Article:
Ferry House to Lakeside
Distance Distance 7.5 miles Time 4 - 5 hours

ferry to lakeside This is perhaps the quietest part of the walk and includes two delightful lakeshore sections. However the footpath is so close to the waters edge that in periods of wet weather, some places are prone to severe flooding. There is about a mile of walking along a relatively quiet road and a couple of short sections on the busier Lakeside to Hawkshead road, where care is needed.

Ferry House stands on a narrow peninsular and was once the home to the Centre for Ecology and Hydrology laboratories. In the summer long queues of traffic build up awaiting the ferry back to Windermere. From the ferry, follow the road south along the lake shore until the second path on the right, signposted to Beatrix Potter's house, Hill Top. This permissive path follows the road and mid way up the steep climb to Far Sawrey crosses to the other side. The path rejoins the road just by the junction to Cunsey. Take the left turn and after about twenty yards, left again and down the hill. Follow this road through woodlands for a third of a mile and look out for the footpath sign on the left.
The path now follows the lakeshore through pleasant meadows, crossing Cunsey Beck on the way. After prolonged rain, the beck will burst it banks making wet feet an inevitability. The path rounds Rawlinson Nab and continues south before joining the road after a quarter of a mile. Turn left along the road which at first closely follows to the lake before climbing steeply up towards Graythwaite Hall.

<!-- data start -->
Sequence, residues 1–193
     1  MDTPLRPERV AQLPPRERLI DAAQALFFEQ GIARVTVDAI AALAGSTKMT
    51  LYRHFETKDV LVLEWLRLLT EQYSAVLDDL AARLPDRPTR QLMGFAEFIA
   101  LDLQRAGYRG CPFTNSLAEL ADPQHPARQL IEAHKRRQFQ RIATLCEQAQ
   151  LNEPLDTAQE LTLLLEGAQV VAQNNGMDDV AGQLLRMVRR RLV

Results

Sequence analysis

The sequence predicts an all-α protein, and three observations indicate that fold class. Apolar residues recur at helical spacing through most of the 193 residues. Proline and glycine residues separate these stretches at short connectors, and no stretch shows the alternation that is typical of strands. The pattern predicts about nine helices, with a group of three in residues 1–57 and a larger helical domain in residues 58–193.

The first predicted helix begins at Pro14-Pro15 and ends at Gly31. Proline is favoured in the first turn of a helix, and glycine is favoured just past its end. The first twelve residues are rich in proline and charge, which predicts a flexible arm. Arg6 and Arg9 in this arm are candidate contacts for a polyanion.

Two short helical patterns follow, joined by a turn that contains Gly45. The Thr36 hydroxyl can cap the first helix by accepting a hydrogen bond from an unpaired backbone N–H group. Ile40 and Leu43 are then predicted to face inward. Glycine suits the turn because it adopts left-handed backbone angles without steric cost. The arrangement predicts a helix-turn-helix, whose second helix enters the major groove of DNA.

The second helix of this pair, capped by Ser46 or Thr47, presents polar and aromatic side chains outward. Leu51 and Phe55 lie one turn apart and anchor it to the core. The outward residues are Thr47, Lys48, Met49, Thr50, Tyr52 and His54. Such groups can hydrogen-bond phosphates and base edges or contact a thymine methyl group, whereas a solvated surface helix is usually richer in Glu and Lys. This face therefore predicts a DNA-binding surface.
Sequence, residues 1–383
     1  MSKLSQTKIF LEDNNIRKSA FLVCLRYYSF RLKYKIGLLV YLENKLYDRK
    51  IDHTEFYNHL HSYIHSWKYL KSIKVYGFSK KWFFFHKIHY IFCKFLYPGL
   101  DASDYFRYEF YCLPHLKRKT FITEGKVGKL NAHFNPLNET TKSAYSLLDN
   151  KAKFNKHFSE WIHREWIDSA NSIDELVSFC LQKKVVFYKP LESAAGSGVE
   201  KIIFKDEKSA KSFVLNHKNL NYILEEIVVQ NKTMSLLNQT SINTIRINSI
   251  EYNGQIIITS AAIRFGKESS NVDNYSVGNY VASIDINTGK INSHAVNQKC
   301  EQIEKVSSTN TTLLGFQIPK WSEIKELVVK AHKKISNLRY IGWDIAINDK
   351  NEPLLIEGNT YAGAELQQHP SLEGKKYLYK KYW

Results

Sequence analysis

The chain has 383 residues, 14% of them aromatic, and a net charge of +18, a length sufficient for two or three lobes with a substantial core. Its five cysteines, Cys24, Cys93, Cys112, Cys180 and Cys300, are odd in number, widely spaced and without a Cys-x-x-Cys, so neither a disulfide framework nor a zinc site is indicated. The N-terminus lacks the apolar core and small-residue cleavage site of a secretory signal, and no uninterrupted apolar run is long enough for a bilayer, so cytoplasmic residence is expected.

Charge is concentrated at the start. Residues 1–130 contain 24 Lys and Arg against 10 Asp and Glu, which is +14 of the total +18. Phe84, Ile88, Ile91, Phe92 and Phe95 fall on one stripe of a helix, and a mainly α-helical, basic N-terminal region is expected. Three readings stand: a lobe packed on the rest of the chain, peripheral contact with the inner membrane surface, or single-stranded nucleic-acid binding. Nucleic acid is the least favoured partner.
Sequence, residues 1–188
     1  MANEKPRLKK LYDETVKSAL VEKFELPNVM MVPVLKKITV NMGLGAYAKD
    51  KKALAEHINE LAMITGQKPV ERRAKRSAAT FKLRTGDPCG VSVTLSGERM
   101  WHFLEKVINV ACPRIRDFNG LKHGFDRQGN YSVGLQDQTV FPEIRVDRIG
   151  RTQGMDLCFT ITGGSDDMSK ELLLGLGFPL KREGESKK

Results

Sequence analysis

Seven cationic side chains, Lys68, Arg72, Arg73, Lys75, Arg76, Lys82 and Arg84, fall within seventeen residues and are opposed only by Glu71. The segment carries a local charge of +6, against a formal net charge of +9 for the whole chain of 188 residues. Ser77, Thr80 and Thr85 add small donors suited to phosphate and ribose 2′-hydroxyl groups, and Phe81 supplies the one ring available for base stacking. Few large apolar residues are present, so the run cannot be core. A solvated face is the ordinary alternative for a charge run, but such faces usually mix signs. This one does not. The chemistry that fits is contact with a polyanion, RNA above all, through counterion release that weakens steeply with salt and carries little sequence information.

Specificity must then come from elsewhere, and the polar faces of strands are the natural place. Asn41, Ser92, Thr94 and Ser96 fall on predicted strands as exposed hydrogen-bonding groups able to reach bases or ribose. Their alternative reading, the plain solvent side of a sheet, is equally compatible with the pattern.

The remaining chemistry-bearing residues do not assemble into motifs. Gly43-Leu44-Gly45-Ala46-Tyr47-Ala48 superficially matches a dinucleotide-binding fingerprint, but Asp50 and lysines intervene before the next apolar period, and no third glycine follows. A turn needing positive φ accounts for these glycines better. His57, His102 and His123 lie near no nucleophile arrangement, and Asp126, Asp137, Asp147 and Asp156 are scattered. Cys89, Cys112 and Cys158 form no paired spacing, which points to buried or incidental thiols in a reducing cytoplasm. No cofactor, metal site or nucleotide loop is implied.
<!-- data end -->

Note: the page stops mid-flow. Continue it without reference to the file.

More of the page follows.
The Tern on Lake Windermere
The 'Tern' heads towards Lakeside

At the top of the hill a sign marks a footpath on the left that descends through woodland again to the lakeshore. This path can be very wet and muddy at the best of times and is also prone to flooding.

Rawlinson Nab Walkers on the lakeshore near Rawlinson Nab

This section of path is just over a mile but with it’s twists and turns seems longer. Watch out for the sharp left turn immediately after a lakeside cottage, Alders and Birches crowd the lakeshore framing different views of the lake at every turn. In Great Oaks Wood, the path takes a sharp right turn and winds it’s way back to the road. Follow the road south to where it emerges near the YMCA Lakeside centre.

High Dam Signpost
The Sign to High Dam

Traffic can be busy here but after a hundred yards or so a permissive path on the right hand side leads up the fellside and away from the road again. A hundred yards or so up the path there is a gate with a 'Permitted Path' sign pointing left. Ignore this and go through the gate and cotinue up to Stott Park Heights revealing a surprising viewpoint as you come out of the trees. Navigation from here to High Dam needs care. The top is a flat grassy area. Take the path at the northern end that descends to the west. This curves around to the south before crossing a beck at some rather dodgy stepping stones. Climb the path that rises gently opposite. A kissing gate gives access to the delightfully situated High Dam.

High Dam in winter
High Dam under a clear winter sky

This is not a natural tarn and has been dammed to supply water to the Bobbin Mill at Low Stott Park. If you made an early start, turn right and take in the circuit of the tarn first. It’s also an excellent place to stop for lunch. If time is pressing turn left and follow the path past the dam and down through woodland. Where the main path curves away to the left, take the steeper fork to the right. Just before the gate at the foot of the woods, look out for a path on the right that crosses the beck. Cross a field and descend to Finsthwaite village.

At the road turn right and twenty yards on, take the lane on the left. At the church, follow the path that goes straight ahead across a couple of fields and into Great Knott Wood before rejoining the main road. Turn right and after a quarter of a mile, by the Lakeside Hotel, turn left to the Steamer Pier.
Stacks Image 10